Chris Simon: We are totally surprised – you have to understand that we did not know anything at all about James. Our father would not speak about Germany. We knew that he loved James but we had no idea about his role – to us, he was just Grandpa. We knew about Nefertiti, but that was really the only thing. Our father never spoke of his experiences in Germany.
You told me last time, that your grandmother Kittie showed you a letter …
Chris Simon: Yes, and at one point our father allowed our step grandmother to speak to us about the family here in Germany.
She was not allowed to speak about it?
Chris Simon: Well, she would not talk about it without his permission, but finally we bugged him enough and he said ‘Okay, Kittie can tell you some things’. However, Kittie was our grandfather Heinrich’s third wife, so she came into the family quite late and she just barely met James. But we still learned a lot, although it wasn’t all about James.
© SPK / Gesine Bahr
What was it about, then?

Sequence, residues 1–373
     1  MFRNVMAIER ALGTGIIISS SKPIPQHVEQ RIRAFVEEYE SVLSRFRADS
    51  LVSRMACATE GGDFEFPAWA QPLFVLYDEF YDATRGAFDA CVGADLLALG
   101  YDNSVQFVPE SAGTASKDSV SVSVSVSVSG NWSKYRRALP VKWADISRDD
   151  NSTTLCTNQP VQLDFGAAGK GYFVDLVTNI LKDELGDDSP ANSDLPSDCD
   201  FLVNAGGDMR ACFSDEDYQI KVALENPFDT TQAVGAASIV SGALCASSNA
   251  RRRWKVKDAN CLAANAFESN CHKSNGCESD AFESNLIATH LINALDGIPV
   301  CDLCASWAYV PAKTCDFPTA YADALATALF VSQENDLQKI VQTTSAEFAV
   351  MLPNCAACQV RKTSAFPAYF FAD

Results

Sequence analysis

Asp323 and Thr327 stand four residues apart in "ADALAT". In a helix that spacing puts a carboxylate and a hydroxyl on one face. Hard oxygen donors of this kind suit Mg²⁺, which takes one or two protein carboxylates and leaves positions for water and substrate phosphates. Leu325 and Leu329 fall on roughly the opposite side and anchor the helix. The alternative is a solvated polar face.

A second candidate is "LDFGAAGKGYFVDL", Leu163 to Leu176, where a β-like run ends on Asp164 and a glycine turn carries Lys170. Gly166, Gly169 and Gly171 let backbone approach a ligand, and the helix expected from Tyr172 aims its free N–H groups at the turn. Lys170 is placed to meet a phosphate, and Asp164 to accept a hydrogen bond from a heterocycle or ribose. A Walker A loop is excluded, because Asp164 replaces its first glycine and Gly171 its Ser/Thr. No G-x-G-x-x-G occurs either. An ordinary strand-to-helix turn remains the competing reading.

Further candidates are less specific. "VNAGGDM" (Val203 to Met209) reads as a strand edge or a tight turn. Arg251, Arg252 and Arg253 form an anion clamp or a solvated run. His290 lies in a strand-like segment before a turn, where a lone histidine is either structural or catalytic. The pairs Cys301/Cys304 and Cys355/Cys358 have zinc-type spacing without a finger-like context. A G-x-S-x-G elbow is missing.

Chris Simon: It was more about our grandfather Heinrich and general family things.
Pam Simon: Yeah, we didn’t even know we had cousins!
Chris Simon: Yes, for example Tim Simon who organized the exhibition about James in America: I had no idea that he lived ten miles away from me or that he even existed. We didn’t know that there was any family left at all.
But now you are meeting them during the opening of the James-Simon-Galerie?
Chris Simon: Yes, we will meet several relatives here. We already know Tim, and we will be interviewing Irene tomorrow, she is also a great granddaughter of James. It is thrilling to have this family with such an influential and interesting history.